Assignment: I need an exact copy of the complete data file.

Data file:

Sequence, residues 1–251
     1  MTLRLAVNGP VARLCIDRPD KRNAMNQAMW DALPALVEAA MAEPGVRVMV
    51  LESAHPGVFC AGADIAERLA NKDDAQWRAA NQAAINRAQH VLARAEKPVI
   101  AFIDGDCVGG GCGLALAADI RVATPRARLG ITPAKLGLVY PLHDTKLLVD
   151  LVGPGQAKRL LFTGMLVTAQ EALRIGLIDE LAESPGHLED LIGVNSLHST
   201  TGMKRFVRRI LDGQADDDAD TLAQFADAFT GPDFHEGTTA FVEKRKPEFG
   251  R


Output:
Sequence, residues 1–251
     1  MTLRLAVNGP VARLCIDRPD KRNAMNQAMW DALPALVEAA MAEPGVRVMV
    51  LESAHPGVFC AGADIAERLA NKDDAQWRAA NQAAINRAQH VLARAEKPVI
   101  AFIDGDCVGG GCGLALAADI RVATPRARLG ITPAKLGLVY PLHDTKLLVD
   151  LVGPGQAKRL LFTGMLVTAQ EALRIGLIDE LAESPGHLED LIGVNSLHST
   201  TGMKRFVRRI LDGQADDDAD TLAQFADAFT GPDFHEGTTA FVEKRKPEFG
   251  R